HISTORY will be made at Bangor on Dee racecourse on Sunday when the Flint & Denbigh point-to-point meeting takes place.
The course, constructed for racing between the flags, is right handed and marks the first occasion in the 147-year history of the track that horses will race in this direction.
The finish in front of the public car park will add to the excitement and spectacle of the meeting.
Jockey Club representatives Ron Barry and Robin Greenway inspected the course and fences last week, which follows a circuit inside the existing racecourse, and agreed that the facilities meet the current point-to-point standards.
The venue has attracted a record entry of 235 runners, which is over double on the corresponding meeting last year.
To accommodate the large entry and to comply with the safety factor there will be three divisions of the Maiden race and the Restricted race has also been divided into two. Racing begins at noon to provide a full afternoon's entertainment, concluding at 5.10pm.
Admission is £20 per car, irrespective of the number of passengers.
Declarations to run are made 45 minutes before each race so actual runners are not available until that time.
Robert Lester of Nantwich, who has enjoyed a high level of success with his popular grey Iris's Gift, has a gelding by the same sire, Gunner B. Iris's Dream, who stands at 17.1hh, is due to run in Division Three of the Open Maiden and should benefit from his previous outing.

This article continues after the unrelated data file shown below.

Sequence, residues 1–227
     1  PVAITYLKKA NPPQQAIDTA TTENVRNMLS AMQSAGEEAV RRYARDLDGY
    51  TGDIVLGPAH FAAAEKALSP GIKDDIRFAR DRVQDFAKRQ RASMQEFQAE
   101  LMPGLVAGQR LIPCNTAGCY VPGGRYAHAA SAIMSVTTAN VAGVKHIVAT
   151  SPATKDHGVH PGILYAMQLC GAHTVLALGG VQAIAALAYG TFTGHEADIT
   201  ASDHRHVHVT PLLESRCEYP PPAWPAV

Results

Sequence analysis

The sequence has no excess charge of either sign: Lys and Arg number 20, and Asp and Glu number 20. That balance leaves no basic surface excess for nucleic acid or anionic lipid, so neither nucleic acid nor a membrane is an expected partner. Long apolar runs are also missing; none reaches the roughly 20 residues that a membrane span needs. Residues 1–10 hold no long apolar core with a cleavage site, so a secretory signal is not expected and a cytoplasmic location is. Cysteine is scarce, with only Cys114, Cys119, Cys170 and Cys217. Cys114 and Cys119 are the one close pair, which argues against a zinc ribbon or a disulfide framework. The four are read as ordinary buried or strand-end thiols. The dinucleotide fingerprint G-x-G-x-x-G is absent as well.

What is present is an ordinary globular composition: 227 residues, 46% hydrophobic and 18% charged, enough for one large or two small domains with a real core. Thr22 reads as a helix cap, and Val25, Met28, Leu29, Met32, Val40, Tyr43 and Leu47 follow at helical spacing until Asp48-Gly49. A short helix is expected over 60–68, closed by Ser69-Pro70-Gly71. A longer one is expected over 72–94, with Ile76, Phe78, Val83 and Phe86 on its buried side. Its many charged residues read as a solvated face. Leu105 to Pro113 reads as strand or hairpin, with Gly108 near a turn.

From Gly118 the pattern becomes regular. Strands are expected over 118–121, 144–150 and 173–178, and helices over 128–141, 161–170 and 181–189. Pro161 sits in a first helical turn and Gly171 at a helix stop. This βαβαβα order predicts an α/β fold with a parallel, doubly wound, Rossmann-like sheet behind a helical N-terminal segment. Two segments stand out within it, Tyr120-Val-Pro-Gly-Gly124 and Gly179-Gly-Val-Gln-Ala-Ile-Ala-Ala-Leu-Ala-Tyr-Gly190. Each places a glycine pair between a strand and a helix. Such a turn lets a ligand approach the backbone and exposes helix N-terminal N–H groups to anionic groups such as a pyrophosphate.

Donald McCain of Cholmondeley has placed his string of pointers to notch up victories throughout the region and has Cornish Rebel running in the Men's Open and The Eens in the Confined race.
Since transferring from racing under rules The Eens has been rejuvenated and may provide a rewarding punting opportunity.
Records of informal point-to-point races go back to 1836 when farmers raced their horses across country from steeple to steeple.
In 1913 the Master of Hounds Point-to-Point Association established a set of rules for the sport. Since 1935 there have been tighter controls and the introduction of course inspections as a fore-runner to modern-day requirements to ensure the welfare of horse, jockey and spectator.
Point-to-point racing led the way in the practice of dolling off fences back in 1990 to enable a fence to be omitted in the event of a prolonged incident at a fence. Prior to this practice a race would have been abandoned.
Current levels of prize money were established in the early 1990's and reflect the amateur nature of the sport. An Open race now attracts prize money of £250 and other races offer £175 to the winner and placed horses.
The introduction of Sunday fixtures have added to the popularity of point-to-point racing in recent years and provides and ideal opportunity for families and enthusiastic followers of the sport to enjoy a day out in the countryside.